A new feeding station to us beckoned, this one a slightly different construction to the previous ones. We descended quite a long hill through the forest, passing the good omen of a couple of Long-tailed Broadbills on the way down, to find a closed off square hide with open top. This meant we not only had decent views of the feeding area, but could also see the forest above ground level around us. This was to be the key to the enjoyment of this site. We had come for Blue Pitta and possible Silver Pheasant. The latter showed no signs and the former only a couple of birds calling sporadically. However, the accompanying avian life in the surrounding trees during our stay was superb and almost constant. After the usual female Siberian Blue Robin had put in an appearance, Puff-throated Bulbuls gave tantalisingly brief views. Mountain Fulvetta and White-throated Fantails busily fed at eye level around us, but White-bellied Erpornis kept to the rear of the area. The higher trees above were very productive, giving us Speckled Piculet, Velvet-fronted Nuthatch and Indochinese Barbet, while a gap through the trees seemed popular for Blue-winged Leafbird, Lesser Racket-tailed Drongo, Indochinese Cuckooshrike, and Bar-winged Flycatcher-shrike. Buff-breasted Babbler put in a late appearance to the feeding area, and we managed to pin down one of two Yellow-bellied Warblers as we left.
The next feeding station was a bit of a disappointment in itself. Waiting for a hoped for Orange-breasted Laughingthrush, all we turned up was another female Siberian Blue Robin. Quang went to check another station while we waited, but was away for some time while nothing was showing, so we decided to go back down to the road to see what we could pick out. This was a great move, since it only took a couple of minutes to spot a pair of Besra over the tops of the hills. Another larger raptor was flying from us not showing any useful features, but another circled above the lower hills giving good flight views. The closer of the two turned out to be Rufous-bellied Eagle, and the other may have been the same species, but views were very poor. Also here while waiting were Black-crested Bulbul, Ashy Drongo and Grey-eyed Bulbul.
When Quang had returned, he asked if we wanted to return to the first hide for the outside possibility of Blue Pitta, or walk along the forest edge to see what we could find. He had reckoned that Blue Pitta was only really a possible during early morning, but if there was to be any chance . . . . ! So of course we opted for the long shot. And what a decision. After the prerequisite Siberian Blue Robin and Orange-headed Thrush, I couldnít believe my eyes when I turned to look to my right and a female Blue Pitta was staring back at me. It hopped straight off, then less than a minute later was feeding in front of us. Time now was about 11:30. It didnít take much time for the male to appear as well. The latter was the shyer of the two, with the female showing many times over the next half an hour or so. This was the high excitement but not the end of the good birds. Midday came and went as we notched up very active Grey-throated Babbler in the background, Puff-throated Bulbul perching briefly over the feeding area, and a pair of White-browed Scimitar Babblers feeding an immature which was parked up to the rear of the opening. Last and by no means least, a couple of White-cheeked Laughingthrushes put in a first appearance, although they preferred also to stay to the rear of the feeding area, generally behind the foliage. After this we tried our luck on the way out to pin down a pair of Long-tailed Broadbills which had a nest, but for some reason they didnít turn out.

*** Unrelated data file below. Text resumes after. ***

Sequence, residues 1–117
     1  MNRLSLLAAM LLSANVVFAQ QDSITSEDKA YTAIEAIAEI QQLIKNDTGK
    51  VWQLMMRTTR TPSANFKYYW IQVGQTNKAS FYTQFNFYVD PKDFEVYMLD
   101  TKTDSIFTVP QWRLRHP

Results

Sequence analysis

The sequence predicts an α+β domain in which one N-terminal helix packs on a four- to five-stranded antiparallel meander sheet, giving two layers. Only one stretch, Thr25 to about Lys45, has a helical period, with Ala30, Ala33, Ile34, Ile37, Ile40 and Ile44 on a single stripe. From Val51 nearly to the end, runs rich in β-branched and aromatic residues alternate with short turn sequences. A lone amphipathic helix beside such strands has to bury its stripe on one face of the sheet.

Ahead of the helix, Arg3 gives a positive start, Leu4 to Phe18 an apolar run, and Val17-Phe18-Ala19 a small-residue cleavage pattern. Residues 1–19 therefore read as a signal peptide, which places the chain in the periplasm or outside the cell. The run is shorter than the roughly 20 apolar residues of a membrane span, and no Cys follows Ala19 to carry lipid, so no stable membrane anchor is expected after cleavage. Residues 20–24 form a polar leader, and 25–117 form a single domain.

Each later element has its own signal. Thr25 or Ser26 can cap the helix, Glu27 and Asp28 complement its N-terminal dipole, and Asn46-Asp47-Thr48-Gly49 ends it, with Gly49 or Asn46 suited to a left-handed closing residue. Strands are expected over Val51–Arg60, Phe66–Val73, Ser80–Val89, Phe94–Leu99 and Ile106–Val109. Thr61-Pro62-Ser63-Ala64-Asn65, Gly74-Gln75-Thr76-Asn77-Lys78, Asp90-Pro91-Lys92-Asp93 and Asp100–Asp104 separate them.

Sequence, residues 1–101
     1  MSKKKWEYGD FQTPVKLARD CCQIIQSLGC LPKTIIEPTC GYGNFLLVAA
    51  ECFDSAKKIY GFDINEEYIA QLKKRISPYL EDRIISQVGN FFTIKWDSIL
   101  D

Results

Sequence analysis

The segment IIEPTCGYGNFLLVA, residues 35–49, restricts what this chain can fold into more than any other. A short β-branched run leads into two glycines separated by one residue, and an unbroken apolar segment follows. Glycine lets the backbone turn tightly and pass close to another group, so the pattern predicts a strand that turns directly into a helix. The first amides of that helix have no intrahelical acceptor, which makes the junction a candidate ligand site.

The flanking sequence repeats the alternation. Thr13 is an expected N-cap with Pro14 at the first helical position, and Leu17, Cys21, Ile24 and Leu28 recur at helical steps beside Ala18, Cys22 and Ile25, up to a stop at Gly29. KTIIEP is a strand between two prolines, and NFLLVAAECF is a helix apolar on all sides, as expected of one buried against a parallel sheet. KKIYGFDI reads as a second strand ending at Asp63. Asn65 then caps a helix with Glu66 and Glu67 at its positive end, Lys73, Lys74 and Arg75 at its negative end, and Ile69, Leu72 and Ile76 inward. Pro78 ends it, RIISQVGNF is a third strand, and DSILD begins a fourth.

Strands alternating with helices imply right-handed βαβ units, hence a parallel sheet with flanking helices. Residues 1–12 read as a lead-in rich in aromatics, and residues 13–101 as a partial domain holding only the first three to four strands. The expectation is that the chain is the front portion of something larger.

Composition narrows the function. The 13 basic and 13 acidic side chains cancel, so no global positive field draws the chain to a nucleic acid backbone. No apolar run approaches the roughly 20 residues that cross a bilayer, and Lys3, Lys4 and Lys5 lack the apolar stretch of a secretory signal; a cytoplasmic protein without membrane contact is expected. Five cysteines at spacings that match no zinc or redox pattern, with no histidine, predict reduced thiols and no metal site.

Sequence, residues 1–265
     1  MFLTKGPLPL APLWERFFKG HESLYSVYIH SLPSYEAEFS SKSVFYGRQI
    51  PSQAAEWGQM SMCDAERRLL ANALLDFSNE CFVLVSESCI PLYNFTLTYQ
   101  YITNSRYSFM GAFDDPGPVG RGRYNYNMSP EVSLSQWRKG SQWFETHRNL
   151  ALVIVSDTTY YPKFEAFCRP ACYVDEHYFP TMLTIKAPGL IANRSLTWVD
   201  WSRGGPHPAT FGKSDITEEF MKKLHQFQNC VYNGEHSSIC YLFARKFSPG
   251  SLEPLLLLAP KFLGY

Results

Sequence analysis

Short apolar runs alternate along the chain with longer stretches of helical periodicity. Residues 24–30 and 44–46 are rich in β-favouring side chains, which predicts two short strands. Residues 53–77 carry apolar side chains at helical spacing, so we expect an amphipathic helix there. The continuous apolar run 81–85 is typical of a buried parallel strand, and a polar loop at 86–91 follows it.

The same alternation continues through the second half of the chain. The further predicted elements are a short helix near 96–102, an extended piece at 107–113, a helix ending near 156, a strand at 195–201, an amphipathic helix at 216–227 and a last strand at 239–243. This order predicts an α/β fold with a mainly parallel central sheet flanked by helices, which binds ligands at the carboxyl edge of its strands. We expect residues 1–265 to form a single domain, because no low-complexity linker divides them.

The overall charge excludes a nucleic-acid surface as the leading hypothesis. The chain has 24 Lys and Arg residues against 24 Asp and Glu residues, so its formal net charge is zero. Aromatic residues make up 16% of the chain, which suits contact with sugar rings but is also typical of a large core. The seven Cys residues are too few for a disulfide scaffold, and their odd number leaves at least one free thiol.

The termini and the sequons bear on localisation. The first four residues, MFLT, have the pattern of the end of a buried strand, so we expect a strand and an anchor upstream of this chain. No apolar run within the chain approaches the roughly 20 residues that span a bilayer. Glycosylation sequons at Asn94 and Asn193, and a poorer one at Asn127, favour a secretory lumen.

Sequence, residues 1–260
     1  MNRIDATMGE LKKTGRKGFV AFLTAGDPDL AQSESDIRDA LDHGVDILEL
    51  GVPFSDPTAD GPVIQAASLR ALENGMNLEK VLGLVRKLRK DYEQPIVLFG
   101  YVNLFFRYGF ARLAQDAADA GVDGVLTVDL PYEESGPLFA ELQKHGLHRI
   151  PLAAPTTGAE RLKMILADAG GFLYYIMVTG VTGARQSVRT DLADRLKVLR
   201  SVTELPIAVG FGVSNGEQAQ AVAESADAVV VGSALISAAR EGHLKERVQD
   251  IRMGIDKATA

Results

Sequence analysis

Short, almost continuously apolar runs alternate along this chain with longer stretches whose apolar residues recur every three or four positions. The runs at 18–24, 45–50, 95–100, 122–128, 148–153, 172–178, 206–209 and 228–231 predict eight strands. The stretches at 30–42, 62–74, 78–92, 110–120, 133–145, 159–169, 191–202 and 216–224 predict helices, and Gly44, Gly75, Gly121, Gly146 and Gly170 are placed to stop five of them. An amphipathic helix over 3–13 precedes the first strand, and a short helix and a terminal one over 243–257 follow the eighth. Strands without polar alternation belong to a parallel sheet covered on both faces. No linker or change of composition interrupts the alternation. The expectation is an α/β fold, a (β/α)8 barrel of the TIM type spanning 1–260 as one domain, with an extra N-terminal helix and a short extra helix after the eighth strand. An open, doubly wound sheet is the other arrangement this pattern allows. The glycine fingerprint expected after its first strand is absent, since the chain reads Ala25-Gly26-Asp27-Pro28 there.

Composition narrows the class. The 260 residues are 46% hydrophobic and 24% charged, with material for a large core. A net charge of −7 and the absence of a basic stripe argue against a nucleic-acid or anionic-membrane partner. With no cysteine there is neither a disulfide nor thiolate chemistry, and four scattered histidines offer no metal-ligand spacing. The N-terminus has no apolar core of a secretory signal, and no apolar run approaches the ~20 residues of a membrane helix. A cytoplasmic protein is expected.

A two hour drive and another few hundred metres in altitude Ė Da Lat plateau is apparently around 1500 metres high Ė and we were on the outskirts of the busy and tourist infested city of the same name. We headed straight for the trap that is the waterfalls, but naturally didnít pay the £10 to enter the popular bit with the throng. We headed instead up a small hill and into the small tract of pine woodland, which is purportedly the only one in this part of Vietnam. We had expected an end of the day fill in with a few decent birds, but this proved to be yet another excellent session. As soon as we passed the cafe at the top, we were into the woodland proper, which was quiet for people but not for the birds. In fact, as soon as we stepped out of the car in the car park, Black Bulbuls were flying between the trees, and just at the corner of the tarmac, a viewpoint down found a pair of very confiding Grey Bushchats. Hoopoes seemed to be constantly flying to and fro, but this was likely to be the same pair tending a nest, since they seemed to be carrying food. Spotted Doves preceded an elusive Hill Prinia, but there then followed a more showy cast including Chestnut-vented Nuthatch, Green-backed Tit, and Grey-capped Pygmy Woodpecker. A Eurasian Jay in a nearby group of trees was quite different from those in Europe having a white face. A skittish Burmese Shrike preceded some time trying to catch up with and have a good look at a pair of Slender-billed Orioles, whose call was very much different from the speciesí already seen. After trying to pin down a briefly calling Oriental Scops Owl without success, walking a bit further found a collection of Bar-winged Flycatcher-shrikes, White-throated Fantail, and Streaked Spiderhunter. We then descended a little towards a valley containing a couple of small pools (with Chinese Pond-heron flying out), and spent yet more time pinning down a singing Mountain Tailorbird. It was happier keeping itself under the denser vegetation cover, until eventually yet briefly coming out into the open. As we neared the end of the walk we added another Burmese Shike, with yet another near to the cafe (along with a couple of Scaly-breasted Munias). Last action was yet another Burmese Shrike, looking like it had a bad wing but could still just about fly, and then an Ashy Drongo hammering a large insect to bits before devouring it.